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  • Writer's pictureRowena Mynott

Climate Change in Canada and an Unlikely Saviour: An excerpt from my travels in Canada.

Updated: Oct 12, 2023

By Rowena Mynott: Communications Officer, Kingsbridge Climate Action

Images: Rowena Mynott

As I arrived in Canada, I was greeted by the beginnings of a spectacular transformation: the annual changing of the leaves. It's a natural spectacle that draws tourists from all corners, all eager to witness the magic of Autumn in person. Our lakeside chalet for the next 2 weeks, nestled in this picturesque scene, is surrounded by an awe-inspiring collection of flora. It might sound cliché, but when you look at the horizon, it's as if a tapestry has come to life. The colours, ranging from fiery reds to golden yellows and burnt oranges, blend seamlessly, creating a breathtaking panorama.

The air is crisp, and the scent of fallen leaves mingle with the earthy fragrance of pine. Canada, in all its glory, is nature's grand finale before the arrival of winter. From the Maritimes to the Rockies, each province has its own unique display of autumnal splendour. The maples in Ontario and Quebec set the landscape ablaze with their fiery red leaves, while the Rockies and the Pacific Northwest offer a more subdued but equally enchanting display of golds and ambers.

However within this magical vista hides a sad and terrifying symptom of climate change: Wildfires. This year Canada suffered its worst wildfire year on record for the amount of land burned. In Quebec where I am currently staying, they have been particularly hard hit during the 2023 wildfire season, with more frequent wildfires than in the past, and fewer resources and experience with which to fight them. It has seen the most area burned of any province with 13 million acres. As of June 10, the province had reported 446 fires, compared to the average of 212 for the same date. On June 8, 137 fires were active in Quebec and 54 in Ontario. On the afternoon of June 25, Montreal (where we flew into) had the worst air quality in the world due to wildfire smoke in the region; several cultural and sporting events were cancelled or postponed in response.

Amongst all this devastation there is one unlikely hero who could help ease these damaging effects, and it comes in the form of one of Canadas national icons: The Beaver. Often seen as a pest by many whose garden vegetation may be damaged or land flooded, the beaver is one of the worlds natural ‘ecosystem engineers’. Having the ability to construct a single completely watertight dam overnight, the beaver is a a marvel of nature and one that scientists are starting to look at as an answer to climate change.

Images above: Beaver gnawing marks on tree stumps and Beaver lodges.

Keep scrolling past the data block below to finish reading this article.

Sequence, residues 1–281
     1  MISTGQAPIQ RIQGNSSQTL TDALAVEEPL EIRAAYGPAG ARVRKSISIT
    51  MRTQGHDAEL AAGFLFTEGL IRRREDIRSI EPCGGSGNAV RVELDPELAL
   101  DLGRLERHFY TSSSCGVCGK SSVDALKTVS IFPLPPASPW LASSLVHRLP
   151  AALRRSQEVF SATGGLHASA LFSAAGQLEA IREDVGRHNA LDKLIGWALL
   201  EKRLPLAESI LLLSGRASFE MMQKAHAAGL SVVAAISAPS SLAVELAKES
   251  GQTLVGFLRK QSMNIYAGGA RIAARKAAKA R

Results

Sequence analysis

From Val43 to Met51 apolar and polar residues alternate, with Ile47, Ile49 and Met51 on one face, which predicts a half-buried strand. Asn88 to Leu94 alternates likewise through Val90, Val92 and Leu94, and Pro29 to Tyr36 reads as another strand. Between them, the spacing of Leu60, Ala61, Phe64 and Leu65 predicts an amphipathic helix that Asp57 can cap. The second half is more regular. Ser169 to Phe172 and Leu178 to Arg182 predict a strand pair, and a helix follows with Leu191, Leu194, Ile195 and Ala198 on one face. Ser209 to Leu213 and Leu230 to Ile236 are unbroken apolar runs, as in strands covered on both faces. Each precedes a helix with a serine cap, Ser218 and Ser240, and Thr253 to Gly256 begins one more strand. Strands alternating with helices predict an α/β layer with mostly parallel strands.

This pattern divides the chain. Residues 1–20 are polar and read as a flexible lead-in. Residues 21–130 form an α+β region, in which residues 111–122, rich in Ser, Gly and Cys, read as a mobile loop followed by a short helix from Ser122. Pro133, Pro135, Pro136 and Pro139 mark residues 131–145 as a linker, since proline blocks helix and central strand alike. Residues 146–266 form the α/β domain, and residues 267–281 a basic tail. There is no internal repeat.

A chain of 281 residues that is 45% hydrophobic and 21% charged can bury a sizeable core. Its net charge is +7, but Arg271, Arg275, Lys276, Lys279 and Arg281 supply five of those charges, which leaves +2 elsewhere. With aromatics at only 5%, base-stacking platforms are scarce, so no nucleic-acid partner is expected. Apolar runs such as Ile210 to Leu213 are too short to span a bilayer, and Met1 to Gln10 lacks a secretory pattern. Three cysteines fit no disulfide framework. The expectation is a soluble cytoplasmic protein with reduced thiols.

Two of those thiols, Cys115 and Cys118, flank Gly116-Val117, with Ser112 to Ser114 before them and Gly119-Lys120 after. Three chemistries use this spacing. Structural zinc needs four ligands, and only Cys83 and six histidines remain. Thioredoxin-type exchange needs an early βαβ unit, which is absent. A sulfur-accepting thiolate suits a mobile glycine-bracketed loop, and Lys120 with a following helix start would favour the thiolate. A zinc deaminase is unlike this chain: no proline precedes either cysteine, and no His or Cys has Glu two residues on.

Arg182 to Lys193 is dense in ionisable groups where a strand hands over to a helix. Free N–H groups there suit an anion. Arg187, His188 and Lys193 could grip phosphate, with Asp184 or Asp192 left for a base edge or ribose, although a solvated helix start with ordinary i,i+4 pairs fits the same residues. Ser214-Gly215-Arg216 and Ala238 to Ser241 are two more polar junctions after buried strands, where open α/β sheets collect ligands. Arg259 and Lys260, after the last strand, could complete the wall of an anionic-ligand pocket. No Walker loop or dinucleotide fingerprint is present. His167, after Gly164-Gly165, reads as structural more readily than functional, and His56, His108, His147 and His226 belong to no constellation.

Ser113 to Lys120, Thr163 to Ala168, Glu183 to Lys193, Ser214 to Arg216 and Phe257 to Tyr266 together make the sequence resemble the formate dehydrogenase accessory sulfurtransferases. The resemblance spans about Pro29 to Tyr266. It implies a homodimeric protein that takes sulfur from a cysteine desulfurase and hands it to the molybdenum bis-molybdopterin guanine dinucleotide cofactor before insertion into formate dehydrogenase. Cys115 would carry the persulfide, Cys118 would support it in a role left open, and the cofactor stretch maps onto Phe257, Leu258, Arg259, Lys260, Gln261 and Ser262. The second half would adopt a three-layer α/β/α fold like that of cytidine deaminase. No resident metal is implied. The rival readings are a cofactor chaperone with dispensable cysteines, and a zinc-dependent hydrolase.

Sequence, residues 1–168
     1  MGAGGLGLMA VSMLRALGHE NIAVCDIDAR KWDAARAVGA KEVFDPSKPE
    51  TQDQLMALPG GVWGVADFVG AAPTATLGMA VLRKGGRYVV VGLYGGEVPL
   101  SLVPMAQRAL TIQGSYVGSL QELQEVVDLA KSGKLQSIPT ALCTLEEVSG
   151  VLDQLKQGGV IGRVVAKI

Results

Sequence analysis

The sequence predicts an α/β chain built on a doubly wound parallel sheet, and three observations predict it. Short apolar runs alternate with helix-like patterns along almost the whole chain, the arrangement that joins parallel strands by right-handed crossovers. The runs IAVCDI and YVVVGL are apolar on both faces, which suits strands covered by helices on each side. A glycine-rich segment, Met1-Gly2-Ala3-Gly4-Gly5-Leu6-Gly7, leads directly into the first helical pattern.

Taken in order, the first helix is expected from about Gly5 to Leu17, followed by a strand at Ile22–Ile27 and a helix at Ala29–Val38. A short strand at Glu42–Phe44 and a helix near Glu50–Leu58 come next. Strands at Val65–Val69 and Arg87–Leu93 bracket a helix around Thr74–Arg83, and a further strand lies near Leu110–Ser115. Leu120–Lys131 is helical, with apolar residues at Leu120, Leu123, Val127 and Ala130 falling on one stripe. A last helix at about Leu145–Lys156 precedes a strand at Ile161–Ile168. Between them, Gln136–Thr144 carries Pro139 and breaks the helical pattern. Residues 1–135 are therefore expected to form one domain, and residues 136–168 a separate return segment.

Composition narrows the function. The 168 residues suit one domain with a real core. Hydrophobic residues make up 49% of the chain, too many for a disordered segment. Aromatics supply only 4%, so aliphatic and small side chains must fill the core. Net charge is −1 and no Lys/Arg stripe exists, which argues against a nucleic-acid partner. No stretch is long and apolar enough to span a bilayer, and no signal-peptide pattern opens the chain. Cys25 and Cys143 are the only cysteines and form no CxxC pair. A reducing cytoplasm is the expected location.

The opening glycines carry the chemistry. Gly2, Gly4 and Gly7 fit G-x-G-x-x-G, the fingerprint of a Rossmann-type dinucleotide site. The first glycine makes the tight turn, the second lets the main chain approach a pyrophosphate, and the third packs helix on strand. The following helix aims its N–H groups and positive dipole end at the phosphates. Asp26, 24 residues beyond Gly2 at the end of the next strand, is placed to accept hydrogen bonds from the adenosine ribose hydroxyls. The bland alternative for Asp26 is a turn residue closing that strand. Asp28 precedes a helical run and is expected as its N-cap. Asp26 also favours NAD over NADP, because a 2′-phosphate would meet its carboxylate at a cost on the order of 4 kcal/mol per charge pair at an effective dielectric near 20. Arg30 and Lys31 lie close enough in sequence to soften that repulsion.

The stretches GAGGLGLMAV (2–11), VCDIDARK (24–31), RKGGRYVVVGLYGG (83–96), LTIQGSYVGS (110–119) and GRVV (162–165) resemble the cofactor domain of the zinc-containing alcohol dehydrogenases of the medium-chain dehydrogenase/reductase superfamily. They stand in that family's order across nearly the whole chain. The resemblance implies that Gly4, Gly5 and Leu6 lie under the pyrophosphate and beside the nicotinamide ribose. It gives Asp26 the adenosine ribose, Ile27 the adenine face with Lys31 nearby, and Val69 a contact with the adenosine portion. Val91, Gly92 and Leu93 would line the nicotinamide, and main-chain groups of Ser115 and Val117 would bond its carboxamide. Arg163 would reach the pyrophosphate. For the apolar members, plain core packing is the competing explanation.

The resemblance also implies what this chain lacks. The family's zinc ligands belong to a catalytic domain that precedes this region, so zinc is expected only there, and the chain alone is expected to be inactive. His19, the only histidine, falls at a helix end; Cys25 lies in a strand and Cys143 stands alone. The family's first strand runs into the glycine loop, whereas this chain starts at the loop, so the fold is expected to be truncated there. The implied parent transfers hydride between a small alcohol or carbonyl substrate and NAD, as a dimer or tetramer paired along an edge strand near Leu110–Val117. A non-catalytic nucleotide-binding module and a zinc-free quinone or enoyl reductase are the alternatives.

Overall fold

These industrious little creatures build dams for protection from predators (such as wolves and coyotes) and to store food for the winter. It is now thought that these dams could be an answer to providing fire resistant habitats during times of wildfire. In 2020, Emily Fairfax and Andrew Whittle published their findings in the Journal of Ecological Adaptions. Their research was conducted in several US states and observed the land in and around beaver dams before and after wildfire damage. The result was that the land around beaver dams stayed greener than areas without wildfire damage. This provides not only a crucial habitat for countless species to shelter during the fires but also contributes to the overall health of the surrounding environment. Moreover, these hard working little creatures are expert carbon sequesters. Wetlands, formed as a result of beaver activities, store significant amounts of carbon dioxide, playing a crucial role in mitigating climate change.

"Over the past decade and throughout the western states a paradigm shift has occurred, with a transition from beavers being viewed primarily as a potential nuisance species to the growing recognition of the vast ecological benefits of beaver activity on the landscape. As a result, there is a rapidly expanding desire among landowners, land managers, restoration practitioners, and other stakeholders in California to utilise beavers for habitat and water management, ecosystem restoration, and increased resiliency to climate change and wildfire.”

-California Department of Fish and Wildlife

As I sit here, immersed in the breathtaking scenery that envelops me, I can't help but pay homage to the remarkable handiwork of the beavers that surrounds me. The gnawed logs, fallen trees, sturdy dams, and quaint lodges all stand as testaments to a thriving beaver population in this area. Hopefully, their presence will play a crucial role in safeguarding this region and its wildlife inhabitants during future fires.


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